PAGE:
Theses and Dissertations


Issuing Body

Mississippi State University


Collier, Joel E.

Committee Member

Breazeale, Michael J.

Committee Member

Shanahan, Kevin J.

Committee Member

Moore, Robert S.

Committee Member

Pizer, Ginger B.

Date of Degree


Document Type

Dissertation - Campus Access Only



Degree Name

Doctor of Philosophy (Ph.D)


College of Business


Department of Marketing, Quantitative Analysis and Business Law


With the rapid development of artificial intelligence, service robots play an increasingly important role in frontline service across various industries. However, many questions surrounding service robots as a novel service option are still less studied, and thus, remain uncertain to marketers. Therefore, this dissertation investigated and addressed some of these questions, by assessing the potential advantages of service robots, not only as compared to human employees, but also among service robots’ different humanlike vocal features, including voice types, accents, and speaking styles. Specifically, to address the research gaps identified through an in-depth literature review conducted in Chapter 2, a series of empirical studies were conducted and presented in Chapter 3 (Essay One) and Chapter 4 (Essay Two).

Chapter 3 begins with Study 1a, an investigation into the potential advantages of service robots as compared to human employees in a hotel check-in setting. The findings suggest that service robots outperform human employees in customers’ enjoyment of the interactions. Study 1b replicated the earlier study in a fast-food restaurant setting, where service robots were found to outperform human employees in customers’ word-of-mouth (WOM) intentions as well. In Study 2, an investigation specifically into a service robot’s vocal design was conducted, by comparing three potential voice types (male, female, or robotic) in a movie theater setting. The findings reveal that a human male voice is the most ideal across various customer outcomes, highlighting the importance for marketers to determine the optimal voice type for a service robot.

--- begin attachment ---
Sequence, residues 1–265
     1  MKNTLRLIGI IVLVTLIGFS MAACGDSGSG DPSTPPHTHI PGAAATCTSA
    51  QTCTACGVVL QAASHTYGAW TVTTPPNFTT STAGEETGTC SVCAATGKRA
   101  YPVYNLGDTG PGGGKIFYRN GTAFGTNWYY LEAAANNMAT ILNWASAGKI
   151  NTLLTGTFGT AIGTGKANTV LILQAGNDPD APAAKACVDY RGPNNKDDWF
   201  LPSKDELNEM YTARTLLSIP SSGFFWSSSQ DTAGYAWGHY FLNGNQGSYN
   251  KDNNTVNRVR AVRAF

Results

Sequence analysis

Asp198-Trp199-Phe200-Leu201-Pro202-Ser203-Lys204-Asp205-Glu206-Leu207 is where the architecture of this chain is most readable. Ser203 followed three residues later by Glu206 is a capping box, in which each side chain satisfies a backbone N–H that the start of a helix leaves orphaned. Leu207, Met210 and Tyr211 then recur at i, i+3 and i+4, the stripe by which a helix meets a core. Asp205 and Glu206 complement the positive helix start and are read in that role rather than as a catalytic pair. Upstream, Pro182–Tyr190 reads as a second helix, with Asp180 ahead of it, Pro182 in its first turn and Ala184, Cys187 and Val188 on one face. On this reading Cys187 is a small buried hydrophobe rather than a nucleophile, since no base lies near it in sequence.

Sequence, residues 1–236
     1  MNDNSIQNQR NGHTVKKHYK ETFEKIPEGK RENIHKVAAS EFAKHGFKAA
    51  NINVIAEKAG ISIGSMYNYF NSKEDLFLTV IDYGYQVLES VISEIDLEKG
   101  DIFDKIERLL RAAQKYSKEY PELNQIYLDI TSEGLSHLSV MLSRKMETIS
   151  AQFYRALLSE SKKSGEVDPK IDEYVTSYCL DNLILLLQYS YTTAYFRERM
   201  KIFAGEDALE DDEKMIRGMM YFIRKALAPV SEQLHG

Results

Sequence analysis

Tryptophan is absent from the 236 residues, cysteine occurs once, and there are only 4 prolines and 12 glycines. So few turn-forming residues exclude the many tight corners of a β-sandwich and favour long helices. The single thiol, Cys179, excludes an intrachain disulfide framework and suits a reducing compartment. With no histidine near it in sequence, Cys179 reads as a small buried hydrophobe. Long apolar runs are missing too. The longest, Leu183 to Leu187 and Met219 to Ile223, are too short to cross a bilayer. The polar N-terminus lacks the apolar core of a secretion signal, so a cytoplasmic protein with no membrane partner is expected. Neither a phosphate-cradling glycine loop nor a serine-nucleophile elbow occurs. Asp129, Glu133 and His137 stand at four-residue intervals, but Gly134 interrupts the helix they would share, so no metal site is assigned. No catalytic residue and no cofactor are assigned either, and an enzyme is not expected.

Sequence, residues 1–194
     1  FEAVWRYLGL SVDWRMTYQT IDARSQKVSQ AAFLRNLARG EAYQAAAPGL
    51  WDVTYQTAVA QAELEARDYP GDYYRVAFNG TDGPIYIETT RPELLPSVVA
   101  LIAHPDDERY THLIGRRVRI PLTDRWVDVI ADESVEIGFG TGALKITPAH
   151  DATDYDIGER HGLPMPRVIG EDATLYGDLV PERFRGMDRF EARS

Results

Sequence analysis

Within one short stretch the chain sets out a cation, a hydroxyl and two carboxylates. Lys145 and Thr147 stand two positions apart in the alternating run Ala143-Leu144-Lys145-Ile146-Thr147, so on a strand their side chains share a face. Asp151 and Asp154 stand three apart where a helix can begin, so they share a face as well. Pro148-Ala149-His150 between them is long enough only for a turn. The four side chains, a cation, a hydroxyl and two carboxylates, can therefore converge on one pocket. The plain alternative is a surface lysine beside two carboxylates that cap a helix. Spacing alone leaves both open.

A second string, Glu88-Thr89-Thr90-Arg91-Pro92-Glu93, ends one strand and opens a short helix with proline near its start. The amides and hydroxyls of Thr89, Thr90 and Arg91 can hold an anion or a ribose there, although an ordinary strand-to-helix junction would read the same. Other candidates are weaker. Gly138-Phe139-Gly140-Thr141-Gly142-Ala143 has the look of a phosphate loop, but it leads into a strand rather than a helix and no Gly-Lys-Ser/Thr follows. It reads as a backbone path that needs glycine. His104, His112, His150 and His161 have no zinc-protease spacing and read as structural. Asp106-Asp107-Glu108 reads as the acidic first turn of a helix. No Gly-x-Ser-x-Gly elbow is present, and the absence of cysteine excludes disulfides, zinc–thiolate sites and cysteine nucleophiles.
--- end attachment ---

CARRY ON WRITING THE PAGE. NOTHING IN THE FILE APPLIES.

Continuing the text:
Chapter 4 reports further investigations of service robots’ vocal design, specifically regarding their accents and speaking styles. In Study 3, four subordinate studies were conducted in a hotel check-in setting. The findings suggest that when a service robot’s accent is congruent with its local region, it enhances customers’ perceived enjoyment of the interactions and various customer outcomes. In Study 4, a further investigation was conducted into a service robot’s speaking style, to assess its potential influence under a service failure and recovery context. The findings suggest that a service robot’s use of a colloquial speaking style attenuates customers’ perceived competence of the service robot and related customer outcomes, which further highlight the importance of a service robot’s appropriate language use, especially during a service recovery. A general discussion regarding Study 1 to Study 4 was provided in Chapter 5, offering valuable implications to both scholars and marketers, and suggesting promising avenues for future research.